USC Dornsife scientist Meghan Miller is among an international team of researchers who used computer modeling to reveal, for the first time, how giant swirls form during the collision of tectonic plates, with subduction zones stuttering and recovering after continental fragments slam into them.
The team’s 3D models suggested a likely answer to a question that has long plagued geologists: Why do long, curving mountain chains form where two tectonic plates collide, pushing one down into the mantle?
Based on the models, the researchers found that parts of the slab that are being subducted sweep around behind the collision, pushing continental material into the mountain belt.
With predictions confirmed by field observations, the 3D models showed a characteristic pattern of intense localized heating, volcanic activity and fresh sediments that remained enigmatic until now.
“The new model explains why we see curved mountains near colliding plates, where material that has been scraped off of one plate and accreted on another is dragged into a curved path on the continent,” Miller said.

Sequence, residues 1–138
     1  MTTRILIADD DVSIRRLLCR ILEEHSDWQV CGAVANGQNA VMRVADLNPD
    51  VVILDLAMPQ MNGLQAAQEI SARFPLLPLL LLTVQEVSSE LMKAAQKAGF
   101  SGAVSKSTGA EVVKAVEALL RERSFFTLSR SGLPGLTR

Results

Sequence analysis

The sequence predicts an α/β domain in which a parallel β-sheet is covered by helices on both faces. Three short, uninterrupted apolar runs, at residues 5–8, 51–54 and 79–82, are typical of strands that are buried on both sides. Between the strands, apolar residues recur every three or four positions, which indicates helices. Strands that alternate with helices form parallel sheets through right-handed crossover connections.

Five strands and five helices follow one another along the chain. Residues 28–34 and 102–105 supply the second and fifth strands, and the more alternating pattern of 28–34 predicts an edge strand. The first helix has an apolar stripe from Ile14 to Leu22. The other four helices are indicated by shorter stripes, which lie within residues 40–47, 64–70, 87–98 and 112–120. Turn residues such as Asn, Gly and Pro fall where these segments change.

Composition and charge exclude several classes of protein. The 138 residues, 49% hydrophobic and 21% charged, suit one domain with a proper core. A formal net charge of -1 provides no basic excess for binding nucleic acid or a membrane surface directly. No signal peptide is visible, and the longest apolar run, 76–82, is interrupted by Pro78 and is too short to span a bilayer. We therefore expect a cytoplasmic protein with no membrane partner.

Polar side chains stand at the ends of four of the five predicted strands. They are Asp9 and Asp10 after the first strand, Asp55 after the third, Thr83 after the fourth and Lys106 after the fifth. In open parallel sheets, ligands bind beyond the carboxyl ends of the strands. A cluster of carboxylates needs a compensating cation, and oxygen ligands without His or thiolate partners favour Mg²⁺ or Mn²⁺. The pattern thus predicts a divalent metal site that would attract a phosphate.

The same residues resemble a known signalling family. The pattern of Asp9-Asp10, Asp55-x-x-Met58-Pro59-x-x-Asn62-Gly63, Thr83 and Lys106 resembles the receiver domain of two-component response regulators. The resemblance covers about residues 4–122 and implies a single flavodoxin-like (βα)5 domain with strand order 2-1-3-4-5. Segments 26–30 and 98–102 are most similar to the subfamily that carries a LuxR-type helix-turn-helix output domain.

Miller, an assistant professor of earth sciences, collaborated with lead author Louis Moresi from Monash University and his colleagues Peter Betts (also from Monash) and R.A. Cayley from the Geological Survey of Victoria in Australia. Their research was published online by Nature on March 23.
The research looked at the ancient geologic record of Eastern Australia, but it is also applicable to the Pacific Northwest in the United States, the Mediterranean and Southeast Asia.
Coastal mountain ranges from Northern California up to Alaska were formed by the scraping off of fragments of the ancient Farallon plate as it subducted beneath the North American continent. The geology of the Western Cordillera — wide mountain belts that extend along all of North America — fits the predictions of the computer model.
Computer model of typical mantle flow patterns. Courtesy of Louis Moresi/Monash University.
“The amazing thing about this research is that we can now interpret arcuate-shaped geological structures on the continents in a whole new way,” Miller said. “We no longer need to envision complex motions and geometries to explain the origins of ancient or modern curved mountain belts.”
The results from the research will help geologists interpret the formation of ancient mountain belts and may prove most useful as a template to interpret regions where preservation of evidence for past collisions is incomplete — a common, and often frustrating, challenge for geologists working in fragmented ancient terrains.
Moresi was funded by the Australian Research Council and Miller was funded by a National Science Foundation Career Award.